Libraries and Information Services, as a division whose central purpose is collaboration though information sharing, has created a number of tools to encourage communication and collaboration. While these tools may need enhancing to be truly useful across divisions, the Future Events
    database, NGS Conference Central, the Trends Analysis Blog and NGS Purchased Research file are solid first steps in enhancing information sharing across the Society. However, it is only when management integrates such tools into their workflow that they will they become useful. A clear statement of values is a necessary step, but without management support for concrete initiatives that support the values, they may remain, as Donna suggests, inspirational but vague.
  • Calico Jack

    All nice thoughts, and you’ll find them practiced by certain individuals in certain divisions. Actually, I’ve found more people than not are collaborative, work well across divisions, and keep the mission foremost in mind. But everyone knows business unit heads who build empires and protect turf. And as long as they are financially incentivized to do so it will continue. Some of those turf battles occur in John’s office, so it’s not like he’s unaware there’s a problem. I think anonymous 360 degree reviews for managers might be helpful. And there are a couple of business unit heads who are notorious for not respecting their colleagues and reports, and for verbal abuse. This also must be no secret to John, yet those individuals continue to thrive at NGS.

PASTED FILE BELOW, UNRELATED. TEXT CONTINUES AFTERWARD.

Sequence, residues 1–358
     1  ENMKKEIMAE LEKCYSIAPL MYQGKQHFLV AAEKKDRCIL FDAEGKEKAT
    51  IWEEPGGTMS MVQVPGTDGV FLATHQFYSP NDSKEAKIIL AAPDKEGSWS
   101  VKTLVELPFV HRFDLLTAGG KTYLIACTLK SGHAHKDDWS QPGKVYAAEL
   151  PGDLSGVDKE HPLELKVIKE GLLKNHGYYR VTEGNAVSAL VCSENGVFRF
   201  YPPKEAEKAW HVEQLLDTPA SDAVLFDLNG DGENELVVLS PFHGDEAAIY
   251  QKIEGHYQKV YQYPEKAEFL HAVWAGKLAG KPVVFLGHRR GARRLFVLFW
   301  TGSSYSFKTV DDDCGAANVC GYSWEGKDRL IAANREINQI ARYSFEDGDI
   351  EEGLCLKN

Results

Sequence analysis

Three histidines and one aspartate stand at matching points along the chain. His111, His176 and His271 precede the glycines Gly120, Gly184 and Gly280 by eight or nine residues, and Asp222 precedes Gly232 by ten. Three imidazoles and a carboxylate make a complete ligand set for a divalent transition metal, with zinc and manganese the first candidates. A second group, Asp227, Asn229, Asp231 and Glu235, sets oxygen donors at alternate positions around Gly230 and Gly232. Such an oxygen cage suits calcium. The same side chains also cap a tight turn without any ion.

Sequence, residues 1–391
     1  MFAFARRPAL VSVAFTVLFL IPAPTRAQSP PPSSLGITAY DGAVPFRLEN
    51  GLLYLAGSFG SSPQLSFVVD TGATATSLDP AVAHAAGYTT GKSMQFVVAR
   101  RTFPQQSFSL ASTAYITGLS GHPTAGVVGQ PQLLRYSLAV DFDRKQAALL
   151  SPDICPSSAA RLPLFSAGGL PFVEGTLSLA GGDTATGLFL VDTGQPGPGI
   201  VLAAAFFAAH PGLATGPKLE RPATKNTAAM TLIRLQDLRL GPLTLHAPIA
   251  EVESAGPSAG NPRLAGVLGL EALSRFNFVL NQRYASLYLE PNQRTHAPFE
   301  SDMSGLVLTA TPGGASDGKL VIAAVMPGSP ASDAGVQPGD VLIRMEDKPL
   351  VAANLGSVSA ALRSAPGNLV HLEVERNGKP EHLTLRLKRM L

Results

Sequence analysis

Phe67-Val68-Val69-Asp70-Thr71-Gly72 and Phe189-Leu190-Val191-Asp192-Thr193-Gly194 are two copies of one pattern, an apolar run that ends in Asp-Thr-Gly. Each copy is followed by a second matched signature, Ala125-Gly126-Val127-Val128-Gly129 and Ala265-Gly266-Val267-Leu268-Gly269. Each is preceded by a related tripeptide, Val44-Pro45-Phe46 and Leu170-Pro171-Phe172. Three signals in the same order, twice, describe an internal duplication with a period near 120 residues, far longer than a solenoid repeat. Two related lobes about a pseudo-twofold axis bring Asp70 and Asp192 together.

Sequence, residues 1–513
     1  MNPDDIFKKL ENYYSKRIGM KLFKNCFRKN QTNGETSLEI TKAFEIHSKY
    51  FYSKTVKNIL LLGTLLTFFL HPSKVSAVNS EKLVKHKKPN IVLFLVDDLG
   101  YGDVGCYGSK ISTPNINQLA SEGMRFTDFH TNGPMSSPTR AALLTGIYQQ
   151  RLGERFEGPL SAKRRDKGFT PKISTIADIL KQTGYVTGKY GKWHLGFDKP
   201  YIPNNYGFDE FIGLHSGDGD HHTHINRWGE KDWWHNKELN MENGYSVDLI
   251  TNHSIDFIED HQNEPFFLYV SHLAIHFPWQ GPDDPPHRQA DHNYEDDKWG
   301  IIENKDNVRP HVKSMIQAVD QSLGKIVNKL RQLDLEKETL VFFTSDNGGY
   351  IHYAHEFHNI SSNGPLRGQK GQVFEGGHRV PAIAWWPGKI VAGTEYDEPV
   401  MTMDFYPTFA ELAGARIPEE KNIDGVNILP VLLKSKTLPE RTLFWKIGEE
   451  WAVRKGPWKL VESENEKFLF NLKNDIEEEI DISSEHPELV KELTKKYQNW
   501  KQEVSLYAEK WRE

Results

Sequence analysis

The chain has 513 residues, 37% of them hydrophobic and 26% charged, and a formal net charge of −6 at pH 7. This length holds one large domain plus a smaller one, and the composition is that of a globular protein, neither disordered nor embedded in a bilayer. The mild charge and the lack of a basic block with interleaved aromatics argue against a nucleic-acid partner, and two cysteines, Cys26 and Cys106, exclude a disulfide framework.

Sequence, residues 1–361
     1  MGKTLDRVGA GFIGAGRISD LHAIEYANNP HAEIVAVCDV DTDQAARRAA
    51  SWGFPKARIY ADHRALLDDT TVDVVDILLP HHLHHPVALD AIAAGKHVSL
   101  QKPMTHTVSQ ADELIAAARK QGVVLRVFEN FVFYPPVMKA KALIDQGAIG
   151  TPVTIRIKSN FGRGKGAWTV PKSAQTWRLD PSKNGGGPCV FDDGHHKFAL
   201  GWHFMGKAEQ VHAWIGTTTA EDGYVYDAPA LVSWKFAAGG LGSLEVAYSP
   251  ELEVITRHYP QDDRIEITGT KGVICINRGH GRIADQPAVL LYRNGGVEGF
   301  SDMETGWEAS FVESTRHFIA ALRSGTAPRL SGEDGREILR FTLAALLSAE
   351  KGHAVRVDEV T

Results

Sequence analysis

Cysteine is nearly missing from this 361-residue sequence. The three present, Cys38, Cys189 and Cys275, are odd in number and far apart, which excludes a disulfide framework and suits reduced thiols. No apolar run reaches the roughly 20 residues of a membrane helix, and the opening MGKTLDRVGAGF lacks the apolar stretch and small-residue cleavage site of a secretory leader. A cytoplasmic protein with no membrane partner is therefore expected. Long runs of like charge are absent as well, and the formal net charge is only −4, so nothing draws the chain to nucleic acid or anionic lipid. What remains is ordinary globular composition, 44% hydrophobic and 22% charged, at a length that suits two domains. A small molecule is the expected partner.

• In my time at NGS, I found most of my colleagues were (as you say) collaborative & collegial. The problems arise when the business stops growing, and elbows start flying.

      Re: your idea about anonymous 360 degree views — that’s tricky because it invites more nastiness, not less. Of course, you’re an exception, Calico Jack — we don’t know who you are, and your comments are thoughtful & civil. But read most any blog & you realize: Anonymous commenting can degenerate into a food fight, and fast.